I was at dinner the other night and was drinking a bottle of 2003 Cesari Single Vineyard Amarone della Valpolicella (after an hour in glass it turned into liquid dark chocolate. Killer stuff, but that’s not important right now) and I offered one of my friends (who was drinking a cheap Chianti at the other end of the table) a glass. His response didn’t exactly baffle me, I’ve seen this happen plenty of times before, but it did leave me thinking. He refused a taste saying something like, ‘Oh I don’t know anything about wine, don’t waste it on me.” Like I said, this isn’t the first time I’ve seen this attitude and it honestly doesn’t sit well with me. I’m hard pressed to think of another facet of human culture in which people refuse to have an opinion due to lack of knowledge (though in some cases it wouldn’t be a terrible idea).
There’s no denying that wine is a complex and intimidating subject matter. In a lot of ways though, that’s what makes wine so intoxicating (no pun intended). It has a complexity beyond flavors and smells; for those who have this passion, wine making is an art form. Really, one could make the argument that wine is the greatest cultural achievement in the history of mankind.
Ok, that was a little hyperbolical, I’ll reel it back a bit. But actually think about it. Is that really such a preposterous statement? I’ve always said that wine is the perfect balance of artwork and science. And if we can accept the two highest realms of cultural achievement are scientific and artistic, then wine finds itself in rarified air. Really there isn’t much else that can make that claim; maybe Italian sports cars, or architecture, or Da Vinci’s anatomical sketches, but that’s kinda it…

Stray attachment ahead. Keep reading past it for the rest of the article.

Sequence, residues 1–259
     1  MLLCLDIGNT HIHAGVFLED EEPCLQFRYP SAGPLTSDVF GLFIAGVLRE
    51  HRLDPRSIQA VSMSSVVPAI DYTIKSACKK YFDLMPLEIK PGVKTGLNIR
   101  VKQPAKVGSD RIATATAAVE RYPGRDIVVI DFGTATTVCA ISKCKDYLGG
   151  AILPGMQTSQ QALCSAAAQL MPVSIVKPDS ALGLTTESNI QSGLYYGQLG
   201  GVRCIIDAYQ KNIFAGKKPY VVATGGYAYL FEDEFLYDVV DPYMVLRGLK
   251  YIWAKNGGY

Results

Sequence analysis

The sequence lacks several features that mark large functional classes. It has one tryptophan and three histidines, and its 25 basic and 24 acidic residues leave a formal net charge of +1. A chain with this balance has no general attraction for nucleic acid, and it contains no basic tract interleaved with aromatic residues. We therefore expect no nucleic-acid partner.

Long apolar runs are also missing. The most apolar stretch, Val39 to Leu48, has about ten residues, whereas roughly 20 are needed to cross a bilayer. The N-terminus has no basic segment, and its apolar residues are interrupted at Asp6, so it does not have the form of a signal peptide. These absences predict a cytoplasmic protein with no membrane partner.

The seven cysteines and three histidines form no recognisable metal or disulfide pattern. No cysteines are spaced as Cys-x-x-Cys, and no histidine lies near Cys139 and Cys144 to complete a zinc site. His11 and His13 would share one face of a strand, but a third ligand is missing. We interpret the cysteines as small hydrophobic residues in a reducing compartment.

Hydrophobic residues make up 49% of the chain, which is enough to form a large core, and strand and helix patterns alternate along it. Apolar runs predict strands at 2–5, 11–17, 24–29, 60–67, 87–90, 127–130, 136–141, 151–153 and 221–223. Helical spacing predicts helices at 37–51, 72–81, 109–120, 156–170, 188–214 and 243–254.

What does that have to do with my friend not wanting a glass of Amarone? The simple fact that, regardless of whether or not you agree or disagree with that previous paragraph, wine is something great and those who are curious about it are being dissuaded from testing the waters. It seems as though we in the wine community have purposefully and selfishly discouraged those not in the club from learning and discussing wine. Should The Godfather only be shown to film school grads? The Beatles only available to professional guitarists? Maybe The Godfather has shots that can only be appreciated by directors, and The Beatles have harmonies only Mozartian savants can catch; but does that make them less enjoyable for me, a tone-deaf moron who loves Tom Cruise movies? Simply no. By promoting the idea that those who don’t know anything about wine are somehow unworthy, we deny them the chance to experience something great.
In the end, as I step down from my soap box, do I think my ramblings will change anything? Certainly not, but maybe it’s something to think about. And Maybe it’s not the attitude of my wine illiterate friend that shouldn’t sit well, it’s my own.